Solasta: Crown of the Magister – Lost Valley

Solasta: Crown of the Magister – Lost Valley is a fairly large expansion for the game Solasta, made by the developers Tactical Adventures. I have not yet written a review for Solasta, which might come off as a little strange since I’m reviewing the expansion, but I did a let’s play of the main game on my Youtube channel. Overall, I did enjoy Solasta, at least in the beginning, up to the middle parts. Later parts of the game felt way too easy, and linear, which in the end actually bored, and kinda angered me. The pacing was so slow with all these filler fights that didn’t matter that it started to feel like a chore to play, instead of feeling like you were on an adventure. So the question is, how does Lost Valley fare comparable?

The main story is fairly simple in this one. Your little adventuring party has been hired as mercenaries for an expedition, and to nobody’s surprise odd things happen, and you get trapped in a magical and mysterious valley. Your main objective is as simple as it can be – find your back way out! While this quest isn’t too advanced, the world presented in the Lost Valley is fairly interesting, with a lot of different factions fighting for their right to rule. This means that there is a whole secret civilization hidden in this valley, all with their own interests, and it’s up to you whom to ally, with, and with whom to make an enemy. Lots of choice and consequences with a lot of different outcomes for the quests. Siding with one side will make another side dislike you, which has the effect of you losing access to their quests and inventory. So, you better make wise choices, or else you might put a real asshole on the throne!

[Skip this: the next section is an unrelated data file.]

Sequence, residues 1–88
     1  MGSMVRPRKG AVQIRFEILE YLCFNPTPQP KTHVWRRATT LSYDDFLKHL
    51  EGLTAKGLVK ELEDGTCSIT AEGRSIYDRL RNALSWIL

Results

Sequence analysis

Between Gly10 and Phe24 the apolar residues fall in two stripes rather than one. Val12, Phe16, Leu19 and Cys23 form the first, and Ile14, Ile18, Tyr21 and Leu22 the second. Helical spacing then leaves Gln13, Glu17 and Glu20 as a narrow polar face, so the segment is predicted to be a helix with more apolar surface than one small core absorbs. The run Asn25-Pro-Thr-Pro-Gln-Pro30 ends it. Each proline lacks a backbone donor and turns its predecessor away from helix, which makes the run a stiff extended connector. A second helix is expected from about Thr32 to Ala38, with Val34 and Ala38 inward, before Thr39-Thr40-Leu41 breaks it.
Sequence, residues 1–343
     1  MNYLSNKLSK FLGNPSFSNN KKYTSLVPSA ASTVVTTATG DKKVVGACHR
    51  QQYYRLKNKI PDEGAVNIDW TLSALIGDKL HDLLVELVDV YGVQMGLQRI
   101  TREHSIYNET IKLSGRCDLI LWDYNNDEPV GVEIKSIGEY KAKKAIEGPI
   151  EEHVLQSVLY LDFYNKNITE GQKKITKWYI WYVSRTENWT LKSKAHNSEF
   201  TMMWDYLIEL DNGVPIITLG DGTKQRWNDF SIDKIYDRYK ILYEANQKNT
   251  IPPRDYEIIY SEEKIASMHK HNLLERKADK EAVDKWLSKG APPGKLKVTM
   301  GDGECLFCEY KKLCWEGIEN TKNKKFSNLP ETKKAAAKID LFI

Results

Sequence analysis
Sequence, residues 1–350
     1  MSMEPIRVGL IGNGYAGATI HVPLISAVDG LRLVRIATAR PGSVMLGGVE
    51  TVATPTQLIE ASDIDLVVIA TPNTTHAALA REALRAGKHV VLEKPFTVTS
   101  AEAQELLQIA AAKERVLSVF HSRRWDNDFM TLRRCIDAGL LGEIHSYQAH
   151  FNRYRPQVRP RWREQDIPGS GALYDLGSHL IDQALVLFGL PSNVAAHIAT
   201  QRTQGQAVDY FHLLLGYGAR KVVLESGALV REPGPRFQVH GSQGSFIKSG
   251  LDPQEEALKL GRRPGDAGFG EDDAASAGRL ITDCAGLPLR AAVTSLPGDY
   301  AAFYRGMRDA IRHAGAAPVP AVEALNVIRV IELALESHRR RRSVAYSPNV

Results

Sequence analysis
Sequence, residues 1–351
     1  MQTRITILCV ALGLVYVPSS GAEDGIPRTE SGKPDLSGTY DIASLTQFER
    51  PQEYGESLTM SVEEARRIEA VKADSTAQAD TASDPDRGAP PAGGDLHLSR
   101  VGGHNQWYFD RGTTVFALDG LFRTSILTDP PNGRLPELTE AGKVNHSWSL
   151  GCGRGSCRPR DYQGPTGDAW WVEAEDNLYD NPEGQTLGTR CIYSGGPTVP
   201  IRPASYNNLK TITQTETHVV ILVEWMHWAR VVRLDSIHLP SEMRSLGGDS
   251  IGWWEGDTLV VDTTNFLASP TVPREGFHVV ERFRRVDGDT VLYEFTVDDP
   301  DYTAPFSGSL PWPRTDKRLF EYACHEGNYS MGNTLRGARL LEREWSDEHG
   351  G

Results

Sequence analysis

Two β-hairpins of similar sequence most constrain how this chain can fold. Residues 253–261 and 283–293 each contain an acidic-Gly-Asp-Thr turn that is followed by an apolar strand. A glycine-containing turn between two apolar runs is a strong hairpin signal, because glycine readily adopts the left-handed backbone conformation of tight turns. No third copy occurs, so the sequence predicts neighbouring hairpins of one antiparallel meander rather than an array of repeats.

When the forest decide to just outright kill you

I got to say, this expansion felt way more like an adventure than the main plot in Solasta. I enjoyed my time in the Lost Valley, and the non-linear manner with quests and C&C makes for a so much better and more engaging game. I wouldn’t say it’s especially deep, though, there isn’t much lore presented beyond the cartoon style of – “this guy is evil, and this faction is good”. I think I came across one or two surprises in the writing, but it’s no roleplaying masterpiece or anything like that, but still a fun faction-based romp through mysterious abandoned ruins and jungles.

Two friendly big boys, well, friendly as long as you do their bidding

The gameplay is based on Dungeon and Dragons 5th edition, so it’s turn-based just like the original. I will not go into too much detail, but the combat feels good when it is challenging, which it is for the most part. It seems much better designed when it comes to encounters. What I did miss, though, are the unique boss fights that you had in Solasta. The vampire fight was one of my favorites, since it felt very unique. There is a possibility that I just missed out, because I didn’t explore everything before finishing the main quest. My issue with the gameplay is that I find the 5th edition lacking in so much compared to the 3.5 edition. Leveling up is extremely easy, and streamlined to the point that it only takes a few seconds to do, comparable to 3.5 where it can take several minutes to build your heroes, giving you a lot of cool and interesting choices. All that fun stuff for character building is almost gone here. It’s subjective, I guess, some people don’t enjoy those things, but for those of us that do, it just sucks. Bring back 3.5!